Acquisition challenges and hurdles, both external and internal, within one’s control or not—and whether financial, structural, organizational, regulatory, programmatic, etc.—can be great and potentially overwhelming. There are many variables that can impede, if not derail, program execution and progress. This, while unfortunate, is the reality of working in today’s complex, highly scrutinized system.
Acquisition managers are often the messengers of bad news; they’re the “pointy end of the spear” of an environment involving many variables outside their control—but also much within their influence. Many constituencies believe more could be done if the Federal Acquisition Regulation (FAR) were modified. However, it is clear to most with the knowledge and experience, that while the FAR limits some actions, it actually permits much, much more. Most contract managers will recall being taught that unless an action is expressly prohibited by the FAR, it is allowable.
Today, acquisition customers and those who advocate changing the process should understand this concept and not accept responses that shift responsibility to existing processes or regulations. Those working in acquisition today have a simple duty to provide creative and innovative solutions based on many various alternatives and strategies available—which is almost anything not clearly illegal or immoral by most standards. Acquisition managers have a duty, when given a requirement, desired outcome, and recommended approach, to reply not with rationale as to why that particular approach is unworkable or not feasible, but instead to respond proactively with a recommended approach that meets the customer’s needs—including the pros, cons, and tradeoffs involved.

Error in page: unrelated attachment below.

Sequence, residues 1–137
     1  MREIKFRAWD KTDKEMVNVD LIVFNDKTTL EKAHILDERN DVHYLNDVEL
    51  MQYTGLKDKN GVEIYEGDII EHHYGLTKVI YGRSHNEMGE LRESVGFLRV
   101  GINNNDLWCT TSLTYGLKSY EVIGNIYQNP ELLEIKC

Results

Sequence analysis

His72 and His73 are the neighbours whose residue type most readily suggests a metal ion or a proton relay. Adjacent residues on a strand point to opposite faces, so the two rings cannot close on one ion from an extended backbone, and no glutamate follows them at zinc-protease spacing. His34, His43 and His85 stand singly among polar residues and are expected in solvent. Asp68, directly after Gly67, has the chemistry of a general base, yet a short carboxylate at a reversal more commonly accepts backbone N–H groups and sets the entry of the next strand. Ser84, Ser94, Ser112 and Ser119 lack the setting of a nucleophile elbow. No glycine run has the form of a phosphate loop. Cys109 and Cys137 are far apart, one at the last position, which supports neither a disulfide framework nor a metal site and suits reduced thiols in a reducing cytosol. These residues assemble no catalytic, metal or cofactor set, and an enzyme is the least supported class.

Today’s acquisition environment requires creativity, innovative approaches, and open-mindedness. As in all business endeavors, the acquisition process works when innovative managers work collaboratively to find ways to get things done: defining solutions and the art of the possible. Conversely, it does not work when one or both parties lament the difficulties of the undertaking—why one or more environmental factors or proposed solutions are beyond their responsibility or role, criticizing different approaches, or sending everything “back to the drawing board” with vague and unactionable direction for rework under a siloed, “not my department” culture.
The factors that have repeatedly advanced our nation and historically developed and maintained its preeminent economy include the uncanny ability and nature of American entrepreneurial-oriented business leaders that constantly look for different and more effective approaches, display a tenacity and goal-oriented perseverance, and more recently a team-oriented nature that puts all ideas on the table. This spirit (and not regulatory encouragement) is what defines a successful government acquisition from one that is not. Whether developing, awarding, or managing contracts under the authority of a particular statute, the FAR, state or local procurement code, or the Uniform Commercial Code, having the involvement of the right-minded people is what gets things done. Acquisition success depends not on expending energy by developing rationale for not moving forward, but instead spending the limited resources and human capital available on the important criteria necessary for success.
While this philosophy is already embodied and documented in the FAR, perhaps the cover page should lead off with a simple statement prohibiting all acquisition managers from responding “no, because…” in favor of a required “yes, if…” response. These few simple words seem understandable enough, but they represent the crux of government program success.